Re: [RFC] perf_events: support for uncore a.k.a. nest units

From: Corey Ashford
Date: Fri Jan 29 2010 - 18:05:57 EST

On 1/29/2010 1:52 AM, Peter Zijlstra wrote:
On Thu, 2010-01-28 at 14:08 -0800, Corey Ashford wrote:

This is one of the reasons why I am leaning toward a /sys/devices-style data
structure; the kernel could easily build it based on the pmus that it discovers
(through whatever means), and the user can fairly easily choose a pmu from this
structure to open, and it's unambiguous to the kernel as to which pmu the user
really wants.

Well, the dumb way is simply probing all of them and see who responds.

That can work, but it's still fuzzy to me how a user would relate a PMU address that he's encoded to some actual device in the system he's using. How would he know that he's addressing the correct device (besides that the PMU type matches), given that we're likely to have hypervisors as middle-men.

Another might be adding a pmu attribute (showing the pmu-id) to the
existing sysfs topology layouts (system topology, pci, spu, are all
already available in sysfs iirc).

So you'd read the id from the sysfs topology tree, and then pass that id to the interface? That's an interesting approach that eliminates the need to pass a string pmu path to the kernel.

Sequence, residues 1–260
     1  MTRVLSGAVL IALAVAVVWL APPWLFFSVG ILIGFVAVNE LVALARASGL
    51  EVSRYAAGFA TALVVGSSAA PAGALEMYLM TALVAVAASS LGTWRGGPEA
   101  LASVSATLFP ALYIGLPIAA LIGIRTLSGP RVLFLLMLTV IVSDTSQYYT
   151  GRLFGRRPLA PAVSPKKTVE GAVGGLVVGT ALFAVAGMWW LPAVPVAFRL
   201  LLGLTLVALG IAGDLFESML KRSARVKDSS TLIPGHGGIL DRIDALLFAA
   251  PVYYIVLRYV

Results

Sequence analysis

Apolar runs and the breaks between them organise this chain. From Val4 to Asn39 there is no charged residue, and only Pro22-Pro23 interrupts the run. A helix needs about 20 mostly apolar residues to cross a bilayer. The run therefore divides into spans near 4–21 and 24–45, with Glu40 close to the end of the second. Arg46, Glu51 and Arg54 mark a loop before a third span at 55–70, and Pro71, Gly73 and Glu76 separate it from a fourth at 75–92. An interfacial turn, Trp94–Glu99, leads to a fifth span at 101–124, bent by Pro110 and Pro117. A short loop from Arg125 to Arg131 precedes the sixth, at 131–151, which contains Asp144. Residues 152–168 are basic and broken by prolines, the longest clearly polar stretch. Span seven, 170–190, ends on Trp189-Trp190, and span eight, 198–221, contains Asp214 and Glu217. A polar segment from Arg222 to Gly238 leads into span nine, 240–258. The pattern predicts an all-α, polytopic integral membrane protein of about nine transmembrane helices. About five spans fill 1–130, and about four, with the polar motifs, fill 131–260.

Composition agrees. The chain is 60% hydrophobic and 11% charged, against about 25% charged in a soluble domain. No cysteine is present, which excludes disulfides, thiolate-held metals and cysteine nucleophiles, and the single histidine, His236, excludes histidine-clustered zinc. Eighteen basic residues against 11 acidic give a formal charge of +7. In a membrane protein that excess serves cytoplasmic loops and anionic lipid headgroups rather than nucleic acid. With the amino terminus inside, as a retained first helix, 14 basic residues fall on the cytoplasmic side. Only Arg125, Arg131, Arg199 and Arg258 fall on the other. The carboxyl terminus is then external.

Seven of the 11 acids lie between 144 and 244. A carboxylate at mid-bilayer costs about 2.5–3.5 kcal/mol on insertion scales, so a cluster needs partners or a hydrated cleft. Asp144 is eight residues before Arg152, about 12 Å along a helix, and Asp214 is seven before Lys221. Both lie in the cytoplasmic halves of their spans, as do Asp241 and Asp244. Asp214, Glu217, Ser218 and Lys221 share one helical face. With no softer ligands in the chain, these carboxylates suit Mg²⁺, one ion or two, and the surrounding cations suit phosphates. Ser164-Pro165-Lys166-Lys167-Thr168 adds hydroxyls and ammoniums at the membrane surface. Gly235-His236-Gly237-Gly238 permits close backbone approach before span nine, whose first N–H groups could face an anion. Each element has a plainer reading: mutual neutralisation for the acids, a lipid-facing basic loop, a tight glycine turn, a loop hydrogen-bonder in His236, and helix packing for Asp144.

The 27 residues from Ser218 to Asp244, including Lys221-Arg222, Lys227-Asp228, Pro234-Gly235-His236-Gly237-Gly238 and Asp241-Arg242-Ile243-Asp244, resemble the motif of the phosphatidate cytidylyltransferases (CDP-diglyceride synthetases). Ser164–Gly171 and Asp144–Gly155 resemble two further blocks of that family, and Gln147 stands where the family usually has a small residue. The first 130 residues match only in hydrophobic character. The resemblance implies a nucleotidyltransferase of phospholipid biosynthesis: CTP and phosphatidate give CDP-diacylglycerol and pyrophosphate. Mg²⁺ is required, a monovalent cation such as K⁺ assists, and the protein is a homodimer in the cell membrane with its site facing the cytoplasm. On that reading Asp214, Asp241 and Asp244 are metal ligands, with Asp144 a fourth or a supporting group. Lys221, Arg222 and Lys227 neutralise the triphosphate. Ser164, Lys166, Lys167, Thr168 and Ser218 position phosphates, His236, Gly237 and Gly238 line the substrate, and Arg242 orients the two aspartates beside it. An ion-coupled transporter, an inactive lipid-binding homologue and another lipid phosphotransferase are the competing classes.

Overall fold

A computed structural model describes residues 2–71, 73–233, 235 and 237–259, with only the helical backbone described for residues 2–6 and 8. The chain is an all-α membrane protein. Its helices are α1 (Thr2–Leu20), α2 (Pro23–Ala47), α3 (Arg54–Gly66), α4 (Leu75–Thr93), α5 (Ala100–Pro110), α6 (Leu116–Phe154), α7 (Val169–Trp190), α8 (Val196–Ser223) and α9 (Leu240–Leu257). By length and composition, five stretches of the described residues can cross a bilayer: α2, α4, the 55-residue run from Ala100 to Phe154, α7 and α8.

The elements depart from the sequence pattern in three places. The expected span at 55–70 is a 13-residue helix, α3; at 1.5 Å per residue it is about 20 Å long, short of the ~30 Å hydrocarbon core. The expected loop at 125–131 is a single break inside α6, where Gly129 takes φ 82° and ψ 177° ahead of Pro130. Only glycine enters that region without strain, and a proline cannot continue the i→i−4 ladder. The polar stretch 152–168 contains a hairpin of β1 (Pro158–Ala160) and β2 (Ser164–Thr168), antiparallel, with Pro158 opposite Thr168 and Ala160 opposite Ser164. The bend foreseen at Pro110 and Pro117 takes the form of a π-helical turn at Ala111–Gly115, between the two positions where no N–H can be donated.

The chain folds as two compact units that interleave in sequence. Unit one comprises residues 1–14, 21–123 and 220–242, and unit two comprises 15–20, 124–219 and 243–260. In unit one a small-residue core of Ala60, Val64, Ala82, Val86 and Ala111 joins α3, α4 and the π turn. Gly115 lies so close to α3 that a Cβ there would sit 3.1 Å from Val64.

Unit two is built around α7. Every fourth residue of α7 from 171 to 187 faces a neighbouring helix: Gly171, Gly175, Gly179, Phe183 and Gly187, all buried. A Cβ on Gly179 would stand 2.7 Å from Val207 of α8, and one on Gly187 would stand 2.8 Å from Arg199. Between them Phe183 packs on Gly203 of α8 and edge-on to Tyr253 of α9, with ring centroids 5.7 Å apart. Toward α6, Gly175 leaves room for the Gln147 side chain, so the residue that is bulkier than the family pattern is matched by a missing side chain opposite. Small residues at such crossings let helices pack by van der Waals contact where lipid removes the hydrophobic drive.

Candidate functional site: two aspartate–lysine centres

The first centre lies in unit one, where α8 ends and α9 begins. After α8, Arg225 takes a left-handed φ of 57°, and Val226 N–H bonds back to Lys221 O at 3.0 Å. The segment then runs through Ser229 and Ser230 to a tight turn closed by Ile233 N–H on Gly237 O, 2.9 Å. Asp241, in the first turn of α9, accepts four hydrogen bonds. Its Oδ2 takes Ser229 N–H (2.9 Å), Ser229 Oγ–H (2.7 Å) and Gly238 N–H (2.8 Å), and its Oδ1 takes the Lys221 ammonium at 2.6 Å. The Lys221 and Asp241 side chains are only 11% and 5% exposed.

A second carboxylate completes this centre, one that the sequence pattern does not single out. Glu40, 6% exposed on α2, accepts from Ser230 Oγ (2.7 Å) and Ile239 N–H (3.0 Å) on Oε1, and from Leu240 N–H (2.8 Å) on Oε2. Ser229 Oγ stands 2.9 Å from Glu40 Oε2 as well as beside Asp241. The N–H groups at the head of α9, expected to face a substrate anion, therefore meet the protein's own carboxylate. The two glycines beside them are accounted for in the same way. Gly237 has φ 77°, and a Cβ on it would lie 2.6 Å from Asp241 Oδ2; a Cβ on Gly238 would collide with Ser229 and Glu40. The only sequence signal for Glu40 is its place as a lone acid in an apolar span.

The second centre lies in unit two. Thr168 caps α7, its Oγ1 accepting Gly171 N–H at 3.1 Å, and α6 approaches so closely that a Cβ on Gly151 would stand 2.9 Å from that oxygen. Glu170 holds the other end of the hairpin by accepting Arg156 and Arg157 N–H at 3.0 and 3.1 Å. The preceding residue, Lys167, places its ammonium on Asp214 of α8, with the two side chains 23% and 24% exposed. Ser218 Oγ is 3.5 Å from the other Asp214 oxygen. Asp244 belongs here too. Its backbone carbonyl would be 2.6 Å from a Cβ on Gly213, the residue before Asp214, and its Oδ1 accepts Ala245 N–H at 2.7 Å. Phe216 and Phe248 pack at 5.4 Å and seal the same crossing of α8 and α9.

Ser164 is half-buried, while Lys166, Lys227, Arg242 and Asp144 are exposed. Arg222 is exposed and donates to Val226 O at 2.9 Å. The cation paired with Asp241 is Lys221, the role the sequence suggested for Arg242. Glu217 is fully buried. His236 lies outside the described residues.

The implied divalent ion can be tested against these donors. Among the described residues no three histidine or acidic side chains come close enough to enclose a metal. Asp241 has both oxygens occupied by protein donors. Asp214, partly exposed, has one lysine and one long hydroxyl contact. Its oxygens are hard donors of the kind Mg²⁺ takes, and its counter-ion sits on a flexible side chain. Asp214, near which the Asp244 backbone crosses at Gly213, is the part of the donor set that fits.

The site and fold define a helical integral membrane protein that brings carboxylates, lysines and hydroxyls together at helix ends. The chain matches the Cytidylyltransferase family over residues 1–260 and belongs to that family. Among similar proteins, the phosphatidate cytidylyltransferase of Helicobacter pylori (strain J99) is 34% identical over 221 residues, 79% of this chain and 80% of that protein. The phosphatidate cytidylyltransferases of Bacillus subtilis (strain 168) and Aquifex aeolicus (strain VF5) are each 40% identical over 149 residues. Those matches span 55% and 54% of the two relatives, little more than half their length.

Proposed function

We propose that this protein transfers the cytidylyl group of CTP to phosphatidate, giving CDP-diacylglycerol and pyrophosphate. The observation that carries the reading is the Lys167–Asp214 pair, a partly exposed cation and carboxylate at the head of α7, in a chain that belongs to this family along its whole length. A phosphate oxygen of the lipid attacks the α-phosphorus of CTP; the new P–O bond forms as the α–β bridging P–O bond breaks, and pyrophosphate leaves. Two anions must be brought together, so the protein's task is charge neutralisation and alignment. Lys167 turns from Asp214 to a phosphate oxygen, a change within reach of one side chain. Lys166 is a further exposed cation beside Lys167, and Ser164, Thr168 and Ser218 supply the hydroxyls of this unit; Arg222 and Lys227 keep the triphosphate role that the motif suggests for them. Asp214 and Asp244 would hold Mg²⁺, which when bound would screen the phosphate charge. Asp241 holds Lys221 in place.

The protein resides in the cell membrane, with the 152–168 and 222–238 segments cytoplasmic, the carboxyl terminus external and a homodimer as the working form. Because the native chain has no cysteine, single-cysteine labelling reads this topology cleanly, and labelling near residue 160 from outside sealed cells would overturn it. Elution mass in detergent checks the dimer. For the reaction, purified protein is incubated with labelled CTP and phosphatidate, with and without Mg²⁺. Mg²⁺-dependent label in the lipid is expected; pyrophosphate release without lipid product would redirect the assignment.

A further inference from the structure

I like this idea, but I need to read more deeply about the topology entries to understand how they work.

I am not convinced that this is the right place to put the event info for each PMU.

Right, I'm not at all sure the kernel wants to know about any events
beyond those needed for pmu scheduling constraints and possible generic
event maps.

Clearly it needs to know about all software events, but I don't think we
need nor want exhaustive hardware event lists in the kernel.

> But before we go there the perf core needs to be extended to deal with
> multiple hardware pmus, something which isn't too hard but we need to be
> careful not to bloat the normal code paths for these somewhat esoteric
> use cases.

Is this something you've looked into? If so, what sort of issues have you

I've poked at it a little yes, while simply abstracting the current hw
interface and making it a list of pmu's isn't hard at all, it does add
overhead to a few key locations.

Another aspect is event scheduling, you'd want to separate the event
lists for the various pmus so that the RR thing works as expected, this
again adds overhead because you now need to abstract out the event lists
as well.

The main fast path affected by both these things is the task switch
event scheduling where you have to iterate all active events and their

So while the abstraction itself isn't too hard, doing it so as to
minimize the bloat on the key paths does make it interesting.


Thanks for your comments.

- Corey

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